The law of rules

Bill Mayer and Clive just had a very interesting exchange on the topic of the American versus the British approach to financial regulation. American regulation is extremely rules focused--everything not compulsory is forbidden. Britain is nominally looser, with the caveat that you can't get away by saying that "the rules didn't say I couldn't!" You are expected to run a sound institution, and if the regulator decides you haven't . . . start practicing saying "I retired to spend more time with my family. In the waiting room at the courthouse."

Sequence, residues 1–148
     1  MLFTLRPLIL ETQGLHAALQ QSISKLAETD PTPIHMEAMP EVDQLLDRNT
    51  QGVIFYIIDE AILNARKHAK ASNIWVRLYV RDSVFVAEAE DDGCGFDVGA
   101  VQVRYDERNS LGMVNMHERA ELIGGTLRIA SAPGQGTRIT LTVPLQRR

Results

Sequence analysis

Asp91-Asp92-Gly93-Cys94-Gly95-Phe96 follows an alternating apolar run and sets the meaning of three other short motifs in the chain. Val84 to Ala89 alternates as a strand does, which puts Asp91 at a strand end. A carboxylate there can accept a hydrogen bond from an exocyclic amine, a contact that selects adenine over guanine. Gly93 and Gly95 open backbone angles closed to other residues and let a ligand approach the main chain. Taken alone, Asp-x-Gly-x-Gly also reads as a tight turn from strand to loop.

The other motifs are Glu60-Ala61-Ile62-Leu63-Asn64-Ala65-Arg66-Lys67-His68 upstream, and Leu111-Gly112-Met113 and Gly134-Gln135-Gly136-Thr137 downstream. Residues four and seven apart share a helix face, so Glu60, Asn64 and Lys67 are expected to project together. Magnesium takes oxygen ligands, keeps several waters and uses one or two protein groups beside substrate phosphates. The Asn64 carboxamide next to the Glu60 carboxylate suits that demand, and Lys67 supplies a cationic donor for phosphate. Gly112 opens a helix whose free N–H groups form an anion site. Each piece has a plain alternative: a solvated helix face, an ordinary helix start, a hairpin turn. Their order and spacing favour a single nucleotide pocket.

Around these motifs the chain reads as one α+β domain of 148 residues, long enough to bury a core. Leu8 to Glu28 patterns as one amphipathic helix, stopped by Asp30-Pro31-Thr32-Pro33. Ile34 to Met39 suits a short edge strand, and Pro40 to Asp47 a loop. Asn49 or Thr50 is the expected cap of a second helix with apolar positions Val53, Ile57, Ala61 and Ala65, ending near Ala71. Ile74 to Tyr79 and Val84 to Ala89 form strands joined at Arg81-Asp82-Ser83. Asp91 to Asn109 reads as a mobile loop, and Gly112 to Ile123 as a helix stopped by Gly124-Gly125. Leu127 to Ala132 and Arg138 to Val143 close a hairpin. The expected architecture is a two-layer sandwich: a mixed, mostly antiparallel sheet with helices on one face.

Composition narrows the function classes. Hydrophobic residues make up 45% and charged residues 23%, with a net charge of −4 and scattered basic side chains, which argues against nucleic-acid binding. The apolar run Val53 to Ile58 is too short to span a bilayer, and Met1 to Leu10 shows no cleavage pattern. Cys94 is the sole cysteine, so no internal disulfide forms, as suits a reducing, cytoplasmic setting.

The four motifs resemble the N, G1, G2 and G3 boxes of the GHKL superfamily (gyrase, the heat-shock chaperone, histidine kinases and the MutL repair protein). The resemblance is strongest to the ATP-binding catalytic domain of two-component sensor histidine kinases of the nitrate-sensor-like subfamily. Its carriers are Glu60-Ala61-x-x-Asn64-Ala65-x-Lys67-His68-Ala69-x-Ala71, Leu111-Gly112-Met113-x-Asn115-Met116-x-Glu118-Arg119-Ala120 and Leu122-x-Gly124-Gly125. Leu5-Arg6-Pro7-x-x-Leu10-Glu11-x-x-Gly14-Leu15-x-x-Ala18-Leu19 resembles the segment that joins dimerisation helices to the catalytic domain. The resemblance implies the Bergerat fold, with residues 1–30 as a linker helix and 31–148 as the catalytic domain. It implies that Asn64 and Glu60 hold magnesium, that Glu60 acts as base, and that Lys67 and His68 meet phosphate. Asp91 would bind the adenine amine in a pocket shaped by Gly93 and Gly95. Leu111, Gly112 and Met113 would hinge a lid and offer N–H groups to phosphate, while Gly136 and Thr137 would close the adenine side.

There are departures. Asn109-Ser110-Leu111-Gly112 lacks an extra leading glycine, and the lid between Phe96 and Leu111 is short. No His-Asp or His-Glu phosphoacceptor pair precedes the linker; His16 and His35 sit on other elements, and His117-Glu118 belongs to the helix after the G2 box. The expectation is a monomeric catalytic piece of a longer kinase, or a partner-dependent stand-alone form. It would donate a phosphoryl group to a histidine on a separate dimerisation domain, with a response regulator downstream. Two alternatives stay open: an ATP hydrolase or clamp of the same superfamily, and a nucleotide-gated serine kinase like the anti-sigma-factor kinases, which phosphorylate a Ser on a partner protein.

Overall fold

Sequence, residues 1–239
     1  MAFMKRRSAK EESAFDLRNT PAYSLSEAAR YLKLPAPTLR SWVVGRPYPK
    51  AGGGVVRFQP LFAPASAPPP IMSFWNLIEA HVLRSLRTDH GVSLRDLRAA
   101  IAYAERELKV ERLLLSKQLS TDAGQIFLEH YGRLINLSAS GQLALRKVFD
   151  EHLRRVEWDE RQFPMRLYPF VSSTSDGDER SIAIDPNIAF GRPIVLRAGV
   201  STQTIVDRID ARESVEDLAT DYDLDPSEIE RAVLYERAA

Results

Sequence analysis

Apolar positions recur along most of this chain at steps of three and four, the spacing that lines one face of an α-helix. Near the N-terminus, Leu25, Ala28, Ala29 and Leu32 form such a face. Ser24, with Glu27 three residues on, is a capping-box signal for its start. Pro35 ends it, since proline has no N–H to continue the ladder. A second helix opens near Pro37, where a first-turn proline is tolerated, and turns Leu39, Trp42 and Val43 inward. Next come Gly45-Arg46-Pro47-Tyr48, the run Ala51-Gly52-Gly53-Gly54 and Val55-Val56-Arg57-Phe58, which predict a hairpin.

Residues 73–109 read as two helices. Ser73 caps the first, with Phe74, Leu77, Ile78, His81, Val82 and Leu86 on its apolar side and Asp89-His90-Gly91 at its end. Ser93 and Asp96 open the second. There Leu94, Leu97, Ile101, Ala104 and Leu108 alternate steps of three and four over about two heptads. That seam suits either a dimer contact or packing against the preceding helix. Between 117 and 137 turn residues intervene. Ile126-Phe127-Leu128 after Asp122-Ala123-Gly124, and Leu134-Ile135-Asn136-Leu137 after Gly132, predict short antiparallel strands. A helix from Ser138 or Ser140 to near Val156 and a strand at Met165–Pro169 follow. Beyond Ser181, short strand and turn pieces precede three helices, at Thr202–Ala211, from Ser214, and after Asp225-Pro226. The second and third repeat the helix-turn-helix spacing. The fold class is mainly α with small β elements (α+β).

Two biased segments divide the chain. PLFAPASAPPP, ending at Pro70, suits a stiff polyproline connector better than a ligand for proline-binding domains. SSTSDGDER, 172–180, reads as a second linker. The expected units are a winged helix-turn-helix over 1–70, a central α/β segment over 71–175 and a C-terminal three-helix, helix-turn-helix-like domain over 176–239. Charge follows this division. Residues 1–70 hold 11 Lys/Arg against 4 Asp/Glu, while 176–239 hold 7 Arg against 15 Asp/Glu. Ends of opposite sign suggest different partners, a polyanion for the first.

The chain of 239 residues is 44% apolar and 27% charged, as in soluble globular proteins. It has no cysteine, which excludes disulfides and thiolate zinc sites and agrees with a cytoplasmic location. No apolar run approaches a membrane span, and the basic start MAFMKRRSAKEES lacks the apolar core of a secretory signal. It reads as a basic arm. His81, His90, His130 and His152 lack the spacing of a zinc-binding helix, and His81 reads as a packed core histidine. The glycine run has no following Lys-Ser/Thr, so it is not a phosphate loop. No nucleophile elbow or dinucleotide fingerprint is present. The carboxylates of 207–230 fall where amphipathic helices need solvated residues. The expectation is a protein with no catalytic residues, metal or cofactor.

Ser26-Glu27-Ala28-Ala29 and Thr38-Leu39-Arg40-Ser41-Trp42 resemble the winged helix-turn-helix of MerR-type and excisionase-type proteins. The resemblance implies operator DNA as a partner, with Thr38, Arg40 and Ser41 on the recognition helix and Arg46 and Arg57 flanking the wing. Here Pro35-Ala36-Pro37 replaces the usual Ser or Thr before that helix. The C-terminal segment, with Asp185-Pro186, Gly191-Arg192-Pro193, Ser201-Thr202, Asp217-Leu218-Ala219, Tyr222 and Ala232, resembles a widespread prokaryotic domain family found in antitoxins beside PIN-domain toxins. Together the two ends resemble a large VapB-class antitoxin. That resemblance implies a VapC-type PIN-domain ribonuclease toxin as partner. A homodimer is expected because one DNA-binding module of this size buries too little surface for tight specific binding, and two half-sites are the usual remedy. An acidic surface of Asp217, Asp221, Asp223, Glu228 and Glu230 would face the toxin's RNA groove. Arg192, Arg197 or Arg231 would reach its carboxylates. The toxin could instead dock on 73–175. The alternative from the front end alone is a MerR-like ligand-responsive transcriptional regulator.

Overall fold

Bill Mayer is in favor of this approach, though Clive points out that Britain has had its own problems. ([cough]Northern Rock[cough]). I am broadly in agreement with the notion that American regulation is far too reliant on detailed rules. These are sought by the companies to provide them safe harbor from litigation, but the result is often severe dysfunction. My old accounting professor, Roman Weil, made a similar argument about American accounting standards to Congress in the wake of the Enron debacle, which lays out why these attempts to solve problems with exponentially multiplying rules is ultimately foolish.